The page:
Some stakeholders suggested the harmonisation of the highway-code across Europe citing strong public demand. The adoption of a cross-European traffic law enforcement directive, increased attention to road infrastructure and the protection of vulnerable road users were also referred to.
A modification of phase II of the Pedestrian Protection Directive was welcomed by several stakeholders. It was suggested that relevant implementing measures should be adopted quickly.
Generally stakeholders welcomed the integrated approach as a good basis for environmental policy. Some stakeholders indicated that the integrated approach should not lead to the reduction of ambition levels in individual areas of environmental protection while others pointed to the importance of cost-efficiency. The role of fuel efficiency, alternative fuels, consumer information, labelling, gear shift indicators and eco-driving were among those mentioned as promising elements for the integrated approach to CO2 emissions. Some stakeholders referred to the importance of the 120 g/ km target and proposed extending the policy measures to heavy-duty vehicles and light commercial vehicles.
Some stakeholders proposed more stringent requirements for carbon and NOx emissions than have been put forward by the Euro 5 proposal while others suggested that the ambition levels of the Euro 6 should also be indicated now. Some stakeholders suggested that emissions legislation needs to clearly relate to the actual operational use of the fleet (i.e. real-life emissions).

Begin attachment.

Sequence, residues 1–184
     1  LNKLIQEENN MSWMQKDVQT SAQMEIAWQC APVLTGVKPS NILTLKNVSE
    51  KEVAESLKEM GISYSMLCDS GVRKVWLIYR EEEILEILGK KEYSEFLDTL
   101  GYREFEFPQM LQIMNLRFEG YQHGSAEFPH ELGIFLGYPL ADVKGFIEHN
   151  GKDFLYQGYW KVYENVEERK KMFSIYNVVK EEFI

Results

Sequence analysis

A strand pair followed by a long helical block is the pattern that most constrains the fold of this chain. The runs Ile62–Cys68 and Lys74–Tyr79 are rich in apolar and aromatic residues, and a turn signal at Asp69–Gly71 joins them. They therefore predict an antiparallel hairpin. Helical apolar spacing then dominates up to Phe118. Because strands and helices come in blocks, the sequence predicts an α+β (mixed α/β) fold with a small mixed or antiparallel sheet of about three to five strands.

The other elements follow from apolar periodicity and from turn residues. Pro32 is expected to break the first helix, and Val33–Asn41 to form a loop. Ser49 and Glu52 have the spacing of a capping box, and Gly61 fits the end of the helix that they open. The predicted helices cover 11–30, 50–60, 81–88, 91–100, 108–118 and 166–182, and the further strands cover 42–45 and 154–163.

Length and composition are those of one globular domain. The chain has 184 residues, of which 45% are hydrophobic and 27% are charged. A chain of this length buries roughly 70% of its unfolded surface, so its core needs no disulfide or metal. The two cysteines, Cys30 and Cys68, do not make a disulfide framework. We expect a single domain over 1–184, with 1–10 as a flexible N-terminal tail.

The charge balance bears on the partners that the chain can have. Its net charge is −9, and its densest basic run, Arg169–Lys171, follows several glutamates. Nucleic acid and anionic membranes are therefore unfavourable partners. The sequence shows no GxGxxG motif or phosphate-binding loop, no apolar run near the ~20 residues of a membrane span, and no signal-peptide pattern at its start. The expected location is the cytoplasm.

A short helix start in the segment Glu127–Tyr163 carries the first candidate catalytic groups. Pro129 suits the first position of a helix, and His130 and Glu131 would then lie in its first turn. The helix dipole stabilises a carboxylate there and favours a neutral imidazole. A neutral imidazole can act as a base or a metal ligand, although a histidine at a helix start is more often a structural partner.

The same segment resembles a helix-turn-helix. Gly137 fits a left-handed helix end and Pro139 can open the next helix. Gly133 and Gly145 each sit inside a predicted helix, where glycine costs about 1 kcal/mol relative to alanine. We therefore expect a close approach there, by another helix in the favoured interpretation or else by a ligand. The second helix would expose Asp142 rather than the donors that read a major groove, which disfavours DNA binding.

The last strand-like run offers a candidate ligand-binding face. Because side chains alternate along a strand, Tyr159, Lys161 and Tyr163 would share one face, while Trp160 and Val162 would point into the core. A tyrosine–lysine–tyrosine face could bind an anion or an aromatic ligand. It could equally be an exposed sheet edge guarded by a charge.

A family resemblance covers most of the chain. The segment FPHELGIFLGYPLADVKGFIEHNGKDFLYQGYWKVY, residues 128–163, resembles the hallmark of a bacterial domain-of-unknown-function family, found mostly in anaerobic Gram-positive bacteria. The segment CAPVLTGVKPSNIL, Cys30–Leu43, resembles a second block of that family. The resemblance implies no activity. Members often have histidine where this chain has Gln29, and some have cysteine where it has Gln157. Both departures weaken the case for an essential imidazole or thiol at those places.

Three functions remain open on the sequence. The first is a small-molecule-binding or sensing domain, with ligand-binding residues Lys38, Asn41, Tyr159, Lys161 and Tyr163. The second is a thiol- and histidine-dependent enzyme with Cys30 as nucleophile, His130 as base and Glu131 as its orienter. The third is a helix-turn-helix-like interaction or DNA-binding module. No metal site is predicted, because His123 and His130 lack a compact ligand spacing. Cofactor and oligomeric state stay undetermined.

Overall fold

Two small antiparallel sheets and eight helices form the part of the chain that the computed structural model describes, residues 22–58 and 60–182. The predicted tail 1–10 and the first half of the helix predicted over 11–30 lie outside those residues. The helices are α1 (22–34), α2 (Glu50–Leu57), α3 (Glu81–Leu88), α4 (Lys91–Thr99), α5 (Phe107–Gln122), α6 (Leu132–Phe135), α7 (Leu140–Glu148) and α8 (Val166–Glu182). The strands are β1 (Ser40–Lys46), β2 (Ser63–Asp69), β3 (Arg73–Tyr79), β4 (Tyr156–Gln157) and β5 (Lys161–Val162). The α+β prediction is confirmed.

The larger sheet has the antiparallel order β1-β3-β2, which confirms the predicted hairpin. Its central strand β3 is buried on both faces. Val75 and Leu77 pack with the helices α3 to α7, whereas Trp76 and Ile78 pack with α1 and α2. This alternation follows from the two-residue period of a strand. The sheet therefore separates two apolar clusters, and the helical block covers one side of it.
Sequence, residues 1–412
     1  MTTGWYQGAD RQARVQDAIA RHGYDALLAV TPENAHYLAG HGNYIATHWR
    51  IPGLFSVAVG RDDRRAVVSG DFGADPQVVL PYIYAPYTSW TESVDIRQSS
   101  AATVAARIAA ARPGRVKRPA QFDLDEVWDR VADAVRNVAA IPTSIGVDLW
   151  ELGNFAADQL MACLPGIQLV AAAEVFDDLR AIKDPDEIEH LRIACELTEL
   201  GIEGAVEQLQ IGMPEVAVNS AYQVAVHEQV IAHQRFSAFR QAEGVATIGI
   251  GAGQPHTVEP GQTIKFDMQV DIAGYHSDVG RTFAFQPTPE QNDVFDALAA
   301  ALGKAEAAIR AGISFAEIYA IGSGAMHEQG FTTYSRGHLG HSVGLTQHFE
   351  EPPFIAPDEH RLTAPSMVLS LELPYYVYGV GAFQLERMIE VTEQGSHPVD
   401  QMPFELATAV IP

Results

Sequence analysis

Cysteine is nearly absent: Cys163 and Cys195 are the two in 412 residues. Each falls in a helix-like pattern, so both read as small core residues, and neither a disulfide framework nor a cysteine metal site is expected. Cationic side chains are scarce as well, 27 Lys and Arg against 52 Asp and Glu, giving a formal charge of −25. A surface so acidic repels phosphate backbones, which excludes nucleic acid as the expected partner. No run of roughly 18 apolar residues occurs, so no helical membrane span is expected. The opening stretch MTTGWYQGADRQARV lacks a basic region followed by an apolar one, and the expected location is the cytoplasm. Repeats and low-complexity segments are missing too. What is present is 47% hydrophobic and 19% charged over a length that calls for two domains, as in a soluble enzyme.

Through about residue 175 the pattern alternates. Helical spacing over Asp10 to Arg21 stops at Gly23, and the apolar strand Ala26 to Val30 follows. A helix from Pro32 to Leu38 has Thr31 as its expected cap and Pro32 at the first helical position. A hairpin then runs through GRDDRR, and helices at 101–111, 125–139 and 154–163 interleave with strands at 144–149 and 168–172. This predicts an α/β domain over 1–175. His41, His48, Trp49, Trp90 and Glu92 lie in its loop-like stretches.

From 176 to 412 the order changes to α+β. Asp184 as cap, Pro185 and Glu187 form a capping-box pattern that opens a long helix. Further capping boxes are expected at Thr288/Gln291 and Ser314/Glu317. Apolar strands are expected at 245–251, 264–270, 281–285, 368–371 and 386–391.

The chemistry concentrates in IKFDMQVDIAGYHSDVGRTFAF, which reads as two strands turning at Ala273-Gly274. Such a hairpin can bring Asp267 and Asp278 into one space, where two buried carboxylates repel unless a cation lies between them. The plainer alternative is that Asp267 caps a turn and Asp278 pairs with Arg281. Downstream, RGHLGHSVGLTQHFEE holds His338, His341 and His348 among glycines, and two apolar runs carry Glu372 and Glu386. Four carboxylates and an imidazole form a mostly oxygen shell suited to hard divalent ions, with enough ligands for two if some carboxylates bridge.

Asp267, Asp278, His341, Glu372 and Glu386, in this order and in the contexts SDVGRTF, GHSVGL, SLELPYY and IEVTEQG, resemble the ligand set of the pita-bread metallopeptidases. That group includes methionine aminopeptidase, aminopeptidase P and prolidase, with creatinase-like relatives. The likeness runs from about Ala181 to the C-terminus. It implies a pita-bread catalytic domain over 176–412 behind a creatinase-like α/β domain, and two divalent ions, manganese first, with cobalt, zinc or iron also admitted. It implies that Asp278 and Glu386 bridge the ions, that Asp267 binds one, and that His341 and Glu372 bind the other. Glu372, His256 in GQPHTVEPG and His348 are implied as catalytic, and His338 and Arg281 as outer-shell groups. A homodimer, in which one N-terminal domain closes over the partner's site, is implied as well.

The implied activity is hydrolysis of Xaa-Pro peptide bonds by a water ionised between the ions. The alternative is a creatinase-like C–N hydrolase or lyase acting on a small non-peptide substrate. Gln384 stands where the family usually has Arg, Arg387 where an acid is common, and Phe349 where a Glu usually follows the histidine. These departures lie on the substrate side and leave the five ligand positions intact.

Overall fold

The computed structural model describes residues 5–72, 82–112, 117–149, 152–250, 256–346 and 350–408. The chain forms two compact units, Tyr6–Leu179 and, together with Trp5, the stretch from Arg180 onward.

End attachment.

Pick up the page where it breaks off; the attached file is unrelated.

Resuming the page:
Some stakeholders referred to the importance of noise control.
There were calls from some stakeholders to increase the volume of renewable fuels on the EU market and to ensure that the production of advanced biofuels can develop on an industrial scale.
Although the mention of hydrogen as part of CARS 21 was welcomed, some stakeholders believe that CARS 21 could have provided more explicit support for hydrogen and a common European energy policy.
Several stakeholders indicated that they would have liked the CARS 21 final report to have paid more attention to the role of the automotive industry in the EU's transport policy.
Attention was drawn to the fact that customs duties remain significant in Malaysia, India, Thailand and Indonesia, and European institutions were urged to act on this matter (particularly in the light of competitors' efforts to open up these markets for their products).
Access to repair information and design protection
The consultation drew a significant response to issues related to the aftermarket. Some stakeholders felt that CARS 21 could have focused more on the entire automotive value chain. The importance of effective vehicle maintenance and repair was highlighted and several stakeholders suggested that the principle of free and open competition in the repair sector should be included in the follow-up to CARS 21.
The OASIS standard was seen by several stakeholders as providing a solid basis for ensuring standardised open access to technical repair information.
Several stakeholders indicated that the market for visible spare parts should be open and liberalised while others perceived a conflict between the desire to enforce intellectual property rights and the lack of agreement in CARS 21 on the Commission proposal to remove design protection from visible spare parts (COM (2004) 582 [238 KB] ). Some stakeholders expressed the view that increased competition would also result in increased competitiveness.
Some stakeholders saw fleet renewal as an important factor in enhancing the industry's competitiveness and contributing to improving the environmental and safety performance of vehicles.